A powerful storm has hammered parts of central Greece, sweeping away roads, smashing bridges and flooding homes, just three weeks after heavy rains killed 16 people in the wider region.
The new storm – called Elias – caused extensive flooding in the central city of Volos on Thursday and left hundreds stranded in nearby mountain villages. The fire service carried out multiple rescues and evacuations, authorities said.
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“All of Volos has turned into a lake,” the city’s mayor, Achilleas Beos, told state television. “People’s lives are in danger. Even I remained trapped, and 80 percent of the city is without power … I don’t know where God found so much water. It’s like the story of Noah’s Ark.”
Authorities have stopped all vehicles from going onto the roads.
“People can’t stand this any more. I cannot understand nature’s rage. Protect yourselves,” said Beos, urging residents to stay home.
Residents in Volos, a city of nearly 140,000, used plastic buckets to scoop mud out of their homes to try to protect their belongings. Among them was 83-year-old Apostolis Dafereras, who has lived in a suburb of the city since 1955.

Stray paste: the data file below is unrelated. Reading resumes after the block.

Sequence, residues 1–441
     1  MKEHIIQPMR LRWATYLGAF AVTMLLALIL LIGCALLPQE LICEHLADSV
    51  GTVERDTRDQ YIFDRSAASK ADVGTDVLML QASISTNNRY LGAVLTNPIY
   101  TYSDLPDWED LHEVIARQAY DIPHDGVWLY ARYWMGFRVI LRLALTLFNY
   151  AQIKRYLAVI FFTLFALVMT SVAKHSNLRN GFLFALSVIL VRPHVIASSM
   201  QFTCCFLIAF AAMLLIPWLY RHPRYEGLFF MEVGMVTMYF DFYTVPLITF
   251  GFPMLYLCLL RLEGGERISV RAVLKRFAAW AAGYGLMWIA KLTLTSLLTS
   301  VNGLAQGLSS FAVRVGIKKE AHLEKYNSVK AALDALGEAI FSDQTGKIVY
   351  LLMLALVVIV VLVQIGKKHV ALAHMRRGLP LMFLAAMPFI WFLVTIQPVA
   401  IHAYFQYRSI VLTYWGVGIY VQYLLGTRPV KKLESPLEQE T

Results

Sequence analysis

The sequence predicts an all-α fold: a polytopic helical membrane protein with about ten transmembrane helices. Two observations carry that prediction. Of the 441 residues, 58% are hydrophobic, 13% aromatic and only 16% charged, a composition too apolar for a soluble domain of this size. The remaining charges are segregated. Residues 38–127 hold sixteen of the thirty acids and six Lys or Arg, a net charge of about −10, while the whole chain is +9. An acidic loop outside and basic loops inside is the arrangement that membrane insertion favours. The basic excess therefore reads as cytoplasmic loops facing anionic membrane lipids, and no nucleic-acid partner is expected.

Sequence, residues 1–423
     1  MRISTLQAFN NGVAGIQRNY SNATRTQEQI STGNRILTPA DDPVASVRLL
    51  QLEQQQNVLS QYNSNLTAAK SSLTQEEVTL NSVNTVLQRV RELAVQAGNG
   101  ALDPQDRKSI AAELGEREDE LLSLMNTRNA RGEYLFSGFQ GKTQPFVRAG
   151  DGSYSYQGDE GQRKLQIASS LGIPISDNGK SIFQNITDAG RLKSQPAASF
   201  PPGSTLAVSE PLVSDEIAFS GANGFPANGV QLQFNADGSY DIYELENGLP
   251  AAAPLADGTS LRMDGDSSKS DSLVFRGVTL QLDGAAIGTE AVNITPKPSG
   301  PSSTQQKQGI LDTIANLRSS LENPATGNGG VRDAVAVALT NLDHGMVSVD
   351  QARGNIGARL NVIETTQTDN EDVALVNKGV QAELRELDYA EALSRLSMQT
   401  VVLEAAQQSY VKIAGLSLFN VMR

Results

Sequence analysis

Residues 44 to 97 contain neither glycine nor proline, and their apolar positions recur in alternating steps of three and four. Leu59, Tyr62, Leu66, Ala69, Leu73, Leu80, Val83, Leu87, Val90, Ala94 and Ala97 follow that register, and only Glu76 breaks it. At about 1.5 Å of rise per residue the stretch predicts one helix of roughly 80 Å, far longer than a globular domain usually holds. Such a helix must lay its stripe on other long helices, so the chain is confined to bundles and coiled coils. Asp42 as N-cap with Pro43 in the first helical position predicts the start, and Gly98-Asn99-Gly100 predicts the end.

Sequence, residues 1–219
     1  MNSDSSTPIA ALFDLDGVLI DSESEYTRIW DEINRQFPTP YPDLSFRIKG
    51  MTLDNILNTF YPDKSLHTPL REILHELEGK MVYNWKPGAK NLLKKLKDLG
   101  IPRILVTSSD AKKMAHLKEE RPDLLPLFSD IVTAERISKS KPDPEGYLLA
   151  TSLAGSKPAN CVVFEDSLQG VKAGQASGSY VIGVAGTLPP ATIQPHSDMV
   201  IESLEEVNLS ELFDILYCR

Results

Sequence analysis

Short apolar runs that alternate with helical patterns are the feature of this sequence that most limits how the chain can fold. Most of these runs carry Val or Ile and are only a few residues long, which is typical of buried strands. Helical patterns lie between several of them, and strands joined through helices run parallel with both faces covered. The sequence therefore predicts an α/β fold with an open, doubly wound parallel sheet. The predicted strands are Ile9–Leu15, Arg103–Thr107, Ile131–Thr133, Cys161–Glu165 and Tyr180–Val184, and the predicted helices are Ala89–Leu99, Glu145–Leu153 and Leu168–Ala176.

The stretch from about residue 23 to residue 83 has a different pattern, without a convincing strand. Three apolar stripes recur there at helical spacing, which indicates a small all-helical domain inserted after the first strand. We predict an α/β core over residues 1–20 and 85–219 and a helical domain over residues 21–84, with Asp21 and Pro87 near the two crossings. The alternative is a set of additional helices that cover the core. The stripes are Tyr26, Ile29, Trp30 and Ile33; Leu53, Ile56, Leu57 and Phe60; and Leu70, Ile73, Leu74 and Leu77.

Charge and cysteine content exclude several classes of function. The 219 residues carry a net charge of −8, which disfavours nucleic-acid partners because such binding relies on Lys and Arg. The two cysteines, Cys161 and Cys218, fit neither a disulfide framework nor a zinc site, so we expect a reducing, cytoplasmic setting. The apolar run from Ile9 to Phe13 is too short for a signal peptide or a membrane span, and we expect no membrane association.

“I have never seen anything like this,” Dafereras said as he tried to push mud and flood water out of his home.
More than 250 people have been evacuated from the area since Storm Elias struck on Wednesday afternoon, the fire brigade said on Thursday, adding that it had so far received 1,200 calls for help.
Authorities said the worst damage was reported around Volos and in northern parts of the nearby island of Evia, an area vulnerable to flooding due to massive wildfires two years ago. Water levels in the city and its suburbs rose rapidly in a few hours, and a nearby stream overflowed, adding to the flooding.
Authorities ‘not prepared’
Elias is the second major storm to hit the region since Storm Daniel – the most intense rainfall to hit Greece since records began in 1930 – battered the region for three days earlier in September.
Many Volos residents said the authorities were still dealing with the aftermath of Daniel and had not been adequately prepared for another storm.
“This was foretold,” said Yannis Gavanoudis, a 70-year-old pensioner. “They [authorities] didn’t do their job properly.”
Daniel turned central Greece into an inland sea, flooding homes and damaging road infrastructure and farms near Volos, Karditsa and Larissa.
Tens of thousands of animals drowned and crops were washed away, and residents of the flooded areas are still struggling to recover.
Daniel also wrought devastation across the Mediterranean, moving from Greece to Libya, where thousands died in a huge flood in the coastal city of Derna.